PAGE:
; Standard nitrile laboratory gloves and a fully buttoned lab coat with sleeves extending to the wrists should be

    worn when handling acrylamide. When handling suspensions or solutions, choose a glove that is protective

    against the solvent. If gloves are splashed or come in contact with acrylamide, change them as soon as possible.

    ; If splashes may occur, wear goggles. Otherwise, wear standard laboratory safety glasses.

    ; In cases where the arms or torso may be exposed to liquid suspensions or dry particles, wear Tyvek sleeves

    and/or gowns (or other air-tight non-woven textile).

    6. Transportation and Storage:

    ; Acrylamide must be in sealed shatter-resistant containers during transportation. If the container is not shatter-

    resistant, use a secondary container.

    ; Store away from heat and flame.

    ; Store acrylamide away from any incompatible materials including metals, oxidizing agents, reducing agents,

    acids, bases, and peroxides.

    7. Waste Disposal:

    Unwanted acrylamide (and suspensions) must be disposed of following your laboratory-specific chemical hygiene

    plan, Duke University’s Chemical Waste Policy and the Laboratory Chemical Waste Management Practices.

    8. Exposures/Unintended contact:

    Contact Employee Occupational Health and Wellness (EOHW) at 919-684-3136 for medical advice on occupational chemical exposures. For an actual chemical exposure

    ; Remove contaminated clothing. Flush exposed eyes or skin with water for at least 15 minutes, then seek

    medical attention.

    ; For situations with risk of inhalation exposure (including spills of powder outside of a chemical fume hood),

    remove all persons from the contaminated area and contact the OESO spill team.

    ; Call 911 from a campus phone or 919-684-2444 from any phone to request assistance if needed. Contact

    Employee Occupational Health and Wellness at 919-684-8115 for exposure-related advice.

    The work-related injury or illness report found at: http://www.hr.duke.edu/benefits/medical/workcomp/report.php

    should be completed within 24 hours. Follow-up medical attention should be sought through Duke Employee Occupational Health and Wellness (919-684-3136).

    9. Spill Procedure:

    ; Spills of dry acrylamide powder outside of a chemical fume hood or other enclosure should be referred to the

    OESO spill response team by calling 911 from a campus phone or 919-684-2444 from any phone.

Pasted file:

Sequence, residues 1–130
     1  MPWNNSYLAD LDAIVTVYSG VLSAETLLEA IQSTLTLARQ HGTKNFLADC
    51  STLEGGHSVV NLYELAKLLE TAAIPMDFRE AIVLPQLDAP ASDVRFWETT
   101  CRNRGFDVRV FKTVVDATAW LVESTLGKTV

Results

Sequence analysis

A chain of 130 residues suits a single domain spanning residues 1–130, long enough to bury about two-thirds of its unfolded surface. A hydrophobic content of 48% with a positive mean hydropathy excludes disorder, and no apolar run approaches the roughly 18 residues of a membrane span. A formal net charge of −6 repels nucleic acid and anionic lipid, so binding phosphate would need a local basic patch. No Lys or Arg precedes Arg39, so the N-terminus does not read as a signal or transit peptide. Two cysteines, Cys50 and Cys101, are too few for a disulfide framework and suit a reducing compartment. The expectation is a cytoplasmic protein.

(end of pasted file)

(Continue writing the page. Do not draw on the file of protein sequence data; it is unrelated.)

; Spills of liquid suspensions should be absorbed with sand or other non-combustible absorbent material and

    placed in containers for disposal. Decontaminate the area with 1.6% potassium persulfate, followed by 1.6%

    sodium metabisulfite. Rope off the area and let stand for 30 minutes, then wash/wipe area with plenty of

    water.

    ; For spills of dry powders in a chemical fume hood or other enclosure, wipe up the powder using a cloth

    dampened with water, or wet the powder with water and then wipe with a dry cloth. Minimize the fume hood

    or enclosure opening during this process. Decontaminate the area with the solutions mentioned in the previous

    bullet. Place any clean-up materials into a bag and seal, then submit as hazardous chemical waste (see waste

    disposal section above) through OESO Environmental Programs (call 919-684-2794 with questions).

    10. Training of personnel:

    ; All personnel are required to complete the online General Lab Safety session thru the OESO website. This

    session includes an introduction to general chemical safety.

    ; Training on the specific procedures is required for all personnel working with these materials, and must be

documented (topics covered, date, employee names and signatures).

    ; All personnel shall read and fully adhere to the laboratory-specific SOP for toxic powders, and shall document

    that they have read it by signing and dating the SOP.

    “I have read and understand this SOP. I agree to fully adhere to its requirements.”

    Last First Duke ID Signature Date